Category Archives: Finance

Context-Based Sustainability and Corporate CO2 Reduction Targets: Are Companies Moving Fast Enough?

John W Byrd, Ken Bettenhausen, Elizabeth S Cooperman
International Review of Accounting, Banking, and Finance, Volume 5 Issue 3/4, Fall/Winter 2013, pp. 87-104.

Corporate sustainability activities are often ad hoc; that is, the extent to which a company moves toward being more sustainable is based on organizational feasibility or economic acceptance rather than true sustainability criteria. This paper examines corporate climate and carbon policy through the lens of context-based sustainability (CBS). CBS argues that true sustainable efforts must consider the ecological capacity of the environment and the fair allocation of this capacity. Only by doing so will the result be an outcome of a livable and sustainable world. The paper combines aspects of physical science (atmospheric CO2 carrying capacity) and philosophy (inter-generational equity and resource allocation) with corporate policy. When applied to climate change this implies examining corporate efforts relative to climate stabilization paths and further examining what a fair allocation of future emissions would be. We look at the documented carbon reductions for a sample of large US corporations including EPA Climate Leadership Award Winners in 2012 and a larger sample of companies from the same industries and compare their carbon reductions to several allocations of the global carbon budget required to limit climate change to just 1°C or 2°C. We find that the emissions path of these US corporations only satisfies the most generous, business-as-usual allocation of carbon emissions.

Time-Varying Risk–Return Trade-off in the Stock Market

Hui Guo, Zijun Wang, Jian Yang
Journal of Money, Credit and Banking, Vol. 45, Issue 4, pp. 623-650

We uncover a strong comovement of the stock market risk–return trade-off with the consumption–wealth ratio (CAY). The finding reflects time-varying investment opportunities rather than countercyclical aggregate relative risk aversion. Specifically, the partial risk–return trade-off is positive and constant when we control for CAY as a proxy for investment opportunities. Moreover, conditional market variance scaled by CAY is negatively priced in the cross-section of stock returns. Our results are consistent with a limited stock market participation model, in which shareholders require an illiquidity premium that increases with CAY, in addition to the risk premium that is proportional to conditional market variance.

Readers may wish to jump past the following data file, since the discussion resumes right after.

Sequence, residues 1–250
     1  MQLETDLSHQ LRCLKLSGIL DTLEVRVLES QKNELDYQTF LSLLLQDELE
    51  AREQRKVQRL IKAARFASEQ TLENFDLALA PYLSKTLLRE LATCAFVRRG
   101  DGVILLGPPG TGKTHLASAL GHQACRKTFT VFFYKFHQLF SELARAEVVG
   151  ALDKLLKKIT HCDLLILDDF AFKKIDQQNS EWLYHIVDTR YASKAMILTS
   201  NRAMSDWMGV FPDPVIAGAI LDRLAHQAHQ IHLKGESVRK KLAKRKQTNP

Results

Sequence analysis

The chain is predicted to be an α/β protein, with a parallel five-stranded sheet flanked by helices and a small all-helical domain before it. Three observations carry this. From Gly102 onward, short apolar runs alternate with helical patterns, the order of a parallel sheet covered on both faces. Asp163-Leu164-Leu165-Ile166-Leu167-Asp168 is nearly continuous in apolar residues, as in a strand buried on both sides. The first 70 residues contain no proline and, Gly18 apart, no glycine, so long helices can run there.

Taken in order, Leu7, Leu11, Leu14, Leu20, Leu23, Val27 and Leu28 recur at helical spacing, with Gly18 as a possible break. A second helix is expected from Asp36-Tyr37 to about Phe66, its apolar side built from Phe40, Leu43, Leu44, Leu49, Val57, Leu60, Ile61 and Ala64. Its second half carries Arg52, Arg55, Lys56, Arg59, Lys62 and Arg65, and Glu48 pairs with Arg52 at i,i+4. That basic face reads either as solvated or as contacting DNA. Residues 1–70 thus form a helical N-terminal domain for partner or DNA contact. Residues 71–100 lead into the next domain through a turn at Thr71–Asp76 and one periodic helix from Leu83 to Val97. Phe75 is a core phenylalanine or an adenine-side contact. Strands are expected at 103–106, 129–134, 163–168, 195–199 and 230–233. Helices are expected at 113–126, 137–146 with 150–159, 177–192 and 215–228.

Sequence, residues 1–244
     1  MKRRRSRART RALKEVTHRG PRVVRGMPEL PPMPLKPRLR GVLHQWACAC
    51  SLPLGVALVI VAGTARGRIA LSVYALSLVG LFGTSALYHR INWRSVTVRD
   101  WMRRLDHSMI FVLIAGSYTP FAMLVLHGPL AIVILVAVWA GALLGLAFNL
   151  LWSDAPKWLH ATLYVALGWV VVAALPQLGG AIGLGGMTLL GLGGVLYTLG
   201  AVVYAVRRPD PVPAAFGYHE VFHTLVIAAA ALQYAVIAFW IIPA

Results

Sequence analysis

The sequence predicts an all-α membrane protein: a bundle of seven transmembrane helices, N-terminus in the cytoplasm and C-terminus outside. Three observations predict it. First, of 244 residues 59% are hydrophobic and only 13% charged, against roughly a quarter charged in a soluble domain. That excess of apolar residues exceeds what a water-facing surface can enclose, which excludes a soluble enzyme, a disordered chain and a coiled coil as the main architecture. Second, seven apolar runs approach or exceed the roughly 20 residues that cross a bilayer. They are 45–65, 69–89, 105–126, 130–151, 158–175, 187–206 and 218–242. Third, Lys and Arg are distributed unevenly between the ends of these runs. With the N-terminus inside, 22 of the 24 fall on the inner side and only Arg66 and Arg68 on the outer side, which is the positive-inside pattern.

The Greening of Finance: A Brief Overview.

Elizabeth S Cooperman
International Review of Accounting, Banking & Finance, Volume 5 Issue 1, March 2013, Pp. 47-65.

This paper provides a brief overview of some of the sustainability developments that companies and non-profit groups have undertaken in the finance area including sustainability in banking, venture capital and investment companies, and integration of sustainability as part of corporate social responsibility by large and small companies. Although in practice by many corporations have taken on a more social and environmental focus in terms of sustainable finance and accounting efforts, the field of finance generally …

Political Activism, Information Costs, and Stock Market Participation

Yosef Bonaparte and Alok Kumar
Journal of Financial Economics, Volume 107, Issue 3, Pp. 760–786

This paper examines whether political activism increases people’s propensity to participate in the stock market. Our key conjecture is that politically active people follow political news more actively, which increases their chance of being exposed to financial news. Consequently, their information gathering costs are likely to be lower and the propensity to participate in the market would be higher. We find support for this hypothesis using multiple micro-level data sets, state-level data from the US, and cross-country data from Europe. Irrespective of their political affiliation, politically active individuals are 9–25% more likely to participate in the stock market. Using residence in “battleground” states and several other geographic instruments, we demonstrate that greater political activism reduces information gathering costs and causes higher market participation rates. Further, consistent with our conjecture, we find that politically active individuals spend about 30 minutes more on news daily and appear more knowledgeable about the economy and the markets.

onsumption Smoothing and Portfolio Rebalancing: The Effects of Adjustment Costs